The input element 38 is also connected over a line 46 to a comparator 47 which has another input from multiplier 38. In this way the actual power usage can be compared to the total desired power usage or target power usage after each time segment. If this value represents a difference which is too high, this is sensed by a limiting element 48 which is used as an alarm.

A comparator 51 receives a negative input from multiplier 42 which represents fractional desired KWH-H or power usage accumulated, that is the fraction of the KWH used so are in the cycle, and receives a positive input from multiplier 38 representing the total amount of KWH used thus far in the cycle. The output of comparator 51 represents the present deviation between desired and actual values of the KWH. Divider 52 is utilized to divide this deviation by the time remaining in the cyle to obtain the KWH correction value KWC on line 53.

The time remaining in the cycle is obtained by a comparator 54 which is connected to a constant element 56 which contains a value corresponding to the 30 minutes, and has a negative input connected to line 42 representing the time into the cycle.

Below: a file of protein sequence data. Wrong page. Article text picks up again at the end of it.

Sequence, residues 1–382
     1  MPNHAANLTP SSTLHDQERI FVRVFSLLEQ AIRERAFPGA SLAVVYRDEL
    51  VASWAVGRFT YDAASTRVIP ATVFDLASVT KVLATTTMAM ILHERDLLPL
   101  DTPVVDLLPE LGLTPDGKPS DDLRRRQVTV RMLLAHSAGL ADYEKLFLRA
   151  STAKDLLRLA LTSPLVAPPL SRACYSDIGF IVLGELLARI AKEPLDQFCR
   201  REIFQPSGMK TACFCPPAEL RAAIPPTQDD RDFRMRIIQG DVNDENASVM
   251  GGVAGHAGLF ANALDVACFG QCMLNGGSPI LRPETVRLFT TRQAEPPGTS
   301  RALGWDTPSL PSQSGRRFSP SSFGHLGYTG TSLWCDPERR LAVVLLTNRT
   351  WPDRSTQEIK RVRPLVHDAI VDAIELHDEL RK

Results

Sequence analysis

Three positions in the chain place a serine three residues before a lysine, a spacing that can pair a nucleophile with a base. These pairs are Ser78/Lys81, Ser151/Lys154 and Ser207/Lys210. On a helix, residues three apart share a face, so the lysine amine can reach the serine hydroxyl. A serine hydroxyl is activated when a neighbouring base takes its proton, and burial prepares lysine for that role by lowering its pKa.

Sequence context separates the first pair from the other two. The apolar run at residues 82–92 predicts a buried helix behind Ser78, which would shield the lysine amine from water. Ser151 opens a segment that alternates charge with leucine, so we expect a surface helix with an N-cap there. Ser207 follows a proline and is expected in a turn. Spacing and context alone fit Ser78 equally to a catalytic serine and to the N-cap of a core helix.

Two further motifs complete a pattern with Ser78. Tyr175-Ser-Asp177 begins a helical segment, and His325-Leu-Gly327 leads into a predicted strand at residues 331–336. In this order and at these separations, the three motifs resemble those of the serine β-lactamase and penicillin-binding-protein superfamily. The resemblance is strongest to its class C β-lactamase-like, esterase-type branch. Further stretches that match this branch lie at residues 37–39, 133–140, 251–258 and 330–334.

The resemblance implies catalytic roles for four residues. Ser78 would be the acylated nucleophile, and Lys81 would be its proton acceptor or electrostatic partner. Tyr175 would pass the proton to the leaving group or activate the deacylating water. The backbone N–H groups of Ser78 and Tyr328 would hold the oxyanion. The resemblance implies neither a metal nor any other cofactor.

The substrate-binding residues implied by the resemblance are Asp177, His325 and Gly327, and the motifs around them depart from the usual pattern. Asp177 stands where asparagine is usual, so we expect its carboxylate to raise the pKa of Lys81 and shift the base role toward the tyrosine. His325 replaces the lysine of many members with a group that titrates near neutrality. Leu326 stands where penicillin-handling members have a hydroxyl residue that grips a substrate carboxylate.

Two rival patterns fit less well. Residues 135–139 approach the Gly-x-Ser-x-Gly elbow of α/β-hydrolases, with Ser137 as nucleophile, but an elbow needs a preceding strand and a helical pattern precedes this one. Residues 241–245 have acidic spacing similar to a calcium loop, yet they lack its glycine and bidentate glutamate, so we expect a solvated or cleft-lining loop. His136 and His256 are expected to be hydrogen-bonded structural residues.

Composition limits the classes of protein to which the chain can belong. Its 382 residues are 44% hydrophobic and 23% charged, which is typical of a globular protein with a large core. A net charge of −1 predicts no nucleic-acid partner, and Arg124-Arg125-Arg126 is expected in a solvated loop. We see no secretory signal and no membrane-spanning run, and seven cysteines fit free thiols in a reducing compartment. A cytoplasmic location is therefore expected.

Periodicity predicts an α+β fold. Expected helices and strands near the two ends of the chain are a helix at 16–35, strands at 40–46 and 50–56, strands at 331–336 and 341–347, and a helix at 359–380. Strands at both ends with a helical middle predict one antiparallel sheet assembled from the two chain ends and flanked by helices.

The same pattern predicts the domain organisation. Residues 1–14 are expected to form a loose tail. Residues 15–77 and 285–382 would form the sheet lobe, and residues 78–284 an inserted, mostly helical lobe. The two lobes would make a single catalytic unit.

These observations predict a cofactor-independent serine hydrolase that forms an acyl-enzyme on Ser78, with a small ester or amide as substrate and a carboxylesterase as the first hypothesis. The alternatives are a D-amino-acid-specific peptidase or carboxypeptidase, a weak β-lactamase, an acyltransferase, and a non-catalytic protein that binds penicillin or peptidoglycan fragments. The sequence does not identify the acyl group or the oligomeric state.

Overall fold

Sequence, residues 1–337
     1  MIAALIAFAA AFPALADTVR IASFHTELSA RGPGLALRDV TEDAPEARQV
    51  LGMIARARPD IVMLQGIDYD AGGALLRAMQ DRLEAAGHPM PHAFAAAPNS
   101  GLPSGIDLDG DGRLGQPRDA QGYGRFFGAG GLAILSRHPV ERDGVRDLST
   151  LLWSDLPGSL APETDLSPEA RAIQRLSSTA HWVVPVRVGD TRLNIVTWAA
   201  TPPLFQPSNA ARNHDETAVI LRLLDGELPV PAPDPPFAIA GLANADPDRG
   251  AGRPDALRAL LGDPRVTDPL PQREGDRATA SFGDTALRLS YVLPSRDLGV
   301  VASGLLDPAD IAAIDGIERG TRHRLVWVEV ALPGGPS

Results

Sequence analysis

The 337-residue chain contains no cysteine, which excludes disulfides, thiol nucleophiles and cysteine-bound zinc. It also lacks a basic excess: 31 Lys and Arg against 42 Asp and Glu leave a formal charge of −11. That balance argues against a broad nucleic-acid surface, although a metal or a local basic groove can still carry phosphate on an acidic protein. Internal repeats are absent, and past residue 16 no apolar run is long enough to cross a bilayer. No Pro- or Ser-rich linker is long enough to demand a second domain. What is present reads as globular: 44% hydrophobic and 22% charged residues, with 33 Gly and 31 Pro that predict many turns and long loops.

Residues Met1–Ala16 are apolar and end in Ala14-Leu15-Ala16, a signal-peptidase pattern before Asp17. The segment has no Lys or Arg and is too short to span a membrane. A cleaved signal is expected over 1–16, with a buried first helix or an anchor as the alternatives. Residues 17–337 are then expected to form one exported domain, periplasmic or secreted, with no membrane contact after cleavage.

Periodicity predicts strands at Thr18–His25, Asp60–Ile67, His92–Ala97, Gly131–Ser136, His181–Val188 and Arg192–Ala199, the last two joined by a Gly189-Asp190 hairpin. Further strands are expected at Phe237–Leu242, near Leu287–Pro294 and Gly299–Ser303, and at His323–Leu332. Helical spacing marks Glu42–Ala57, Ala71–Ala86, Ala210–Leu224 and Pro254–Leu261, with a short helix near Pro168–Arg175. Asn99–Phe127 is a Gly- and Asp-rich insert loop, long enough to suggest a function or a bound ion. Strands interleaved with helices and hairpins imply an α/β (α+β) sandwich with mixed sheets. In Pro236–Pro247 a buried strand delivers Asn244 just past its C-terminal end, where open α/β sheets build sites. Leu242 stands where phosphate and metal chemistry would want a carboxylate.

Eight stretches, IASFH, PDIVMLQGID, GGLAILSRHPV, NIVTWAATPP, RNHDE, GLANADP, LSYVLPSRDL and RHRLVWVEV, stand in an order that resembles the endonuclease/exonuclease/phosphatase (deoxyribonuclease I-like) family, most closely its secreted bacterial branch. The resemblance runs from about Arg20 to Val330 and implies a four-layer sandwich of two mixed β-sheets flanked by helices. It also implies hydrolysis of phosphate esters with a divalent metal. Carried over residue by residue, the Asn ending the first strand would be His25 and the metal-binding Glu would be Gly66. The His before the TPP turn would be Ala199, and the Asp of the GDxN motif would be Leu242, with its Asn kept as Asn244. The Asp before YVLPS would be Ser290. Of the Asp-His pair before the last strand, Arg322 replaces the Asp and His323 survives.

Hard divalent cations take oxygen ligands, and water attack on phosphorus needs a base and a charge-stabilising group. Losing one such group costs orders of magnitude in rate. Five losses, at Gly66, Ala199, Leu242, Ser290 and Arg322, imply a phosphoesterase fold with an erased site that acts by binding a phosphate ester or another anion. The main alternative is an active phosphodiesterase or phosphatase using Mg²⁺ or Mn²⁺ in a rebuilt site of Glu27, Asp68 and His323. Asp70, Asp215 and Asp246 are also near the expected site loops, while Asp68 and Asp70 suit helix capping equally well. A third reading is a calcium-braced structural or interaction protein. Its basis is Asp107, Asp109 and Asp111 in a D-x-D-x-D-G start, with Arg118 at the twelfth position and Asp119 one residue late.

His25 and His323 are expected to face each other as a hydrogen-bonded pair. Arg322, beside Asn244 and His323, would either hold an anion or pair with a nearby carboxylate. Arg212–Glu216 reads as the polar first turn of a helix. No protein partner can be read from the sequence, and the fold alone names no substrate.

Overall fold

The calculated correction value during the first and last portions of each cycle period are held constant by timer 54 which is connected over an OR gate 55 to a transmitter 56. Transmitter 56 is instructed to hold the last correction value if it receives a high signal from OR gate 55. OR gate 55 generates a high signal during the first ten minutes of each cycle by timer 54 and during the last ten minutes of each cycle over a low value limiting element 57 which has an input connected to the comparator 54. The output of transmitter 56 is connected to a regulating device 58 which outputs a usable signal on line 59.

As shown in FIG. 2, the circuit 40 is connected to line 59 and, as indicated above, converts the correction value into a bias signal which can be used to regulate one or more turbines and thus modify the amount of power being generated.

Line 59 is connected to a summing element 60 which receives an initial setting from input element 61 corresponding to the base load for local power generation.